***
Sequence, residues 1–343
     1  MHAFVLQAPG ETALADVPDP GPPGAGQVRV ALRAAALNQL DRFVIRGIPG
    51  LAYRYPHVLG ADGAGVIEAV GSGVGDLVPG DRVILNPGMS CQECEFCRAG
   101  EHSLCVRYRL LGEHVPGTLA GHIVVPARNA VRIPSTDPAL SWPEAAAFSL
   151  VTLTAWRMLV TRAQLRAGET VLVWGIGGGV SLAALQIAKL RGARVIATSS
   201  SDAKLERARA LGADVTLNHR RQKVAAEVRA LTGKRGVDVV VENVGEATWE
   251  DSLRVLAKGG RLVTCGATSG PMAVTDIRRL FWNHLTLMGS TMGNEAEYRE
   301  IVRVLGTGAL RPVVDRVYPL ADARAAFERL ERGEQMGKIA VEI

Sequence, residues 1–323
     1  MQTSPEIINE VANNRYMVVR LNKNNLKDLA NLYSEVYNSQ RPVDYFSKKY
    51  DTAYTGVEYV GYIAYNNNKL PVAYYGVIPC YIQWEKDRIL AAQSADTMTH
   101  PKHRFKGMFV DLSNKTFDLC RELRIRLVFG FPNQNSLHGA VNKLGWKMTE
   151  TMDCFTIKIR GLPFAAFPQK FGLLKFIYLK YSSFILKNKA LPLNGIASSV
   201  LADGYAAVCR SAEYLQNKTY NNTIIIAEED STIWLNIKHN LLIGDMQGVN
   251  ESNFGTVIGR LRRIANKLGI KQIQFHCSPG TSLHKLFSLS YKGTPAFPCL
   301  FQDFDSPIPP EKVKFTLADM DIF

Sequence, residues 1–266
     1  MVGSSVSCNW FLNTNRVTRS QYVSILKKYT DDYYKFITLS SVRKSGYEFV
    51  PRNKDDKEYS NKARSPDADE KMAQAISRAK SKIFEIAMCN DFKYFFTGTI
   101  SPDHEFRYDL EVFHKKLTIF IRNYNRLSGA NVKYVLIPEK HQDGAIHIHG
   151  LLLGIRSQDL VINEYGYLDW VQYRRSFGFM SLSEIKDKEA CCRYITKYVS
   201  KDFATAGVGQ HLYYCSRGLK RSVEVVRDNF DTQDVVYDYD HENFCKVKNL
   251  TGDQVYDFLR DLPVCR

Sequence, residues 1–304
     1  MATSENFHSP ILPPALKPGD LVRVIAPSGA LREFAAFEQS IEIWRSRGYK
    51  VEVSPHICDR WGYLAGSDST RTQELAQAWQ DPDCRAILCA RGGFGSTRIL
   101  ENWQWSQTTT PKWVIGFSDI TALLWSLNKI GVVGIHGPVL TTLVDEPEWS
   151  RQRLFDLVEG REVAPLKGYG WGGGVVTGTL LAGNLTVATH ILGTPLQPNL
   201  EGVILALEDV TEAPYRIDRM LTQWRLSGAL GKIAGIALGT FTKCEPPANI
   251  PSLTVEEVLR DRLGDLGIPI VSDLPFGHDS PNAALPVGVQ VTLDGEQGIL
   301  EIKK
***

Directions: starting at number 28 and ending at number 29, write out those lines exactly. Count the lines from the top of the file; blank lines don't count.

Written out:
   151  RQRLFDLVEG REVAPLKGYG WGGGVVTGTL LAGNLTVATH ILGTPLQPNL
   201  EGVILALEDV TEAPYRIDRM LTQWRLSGAL GKIAGIALGT FTKCEPPANI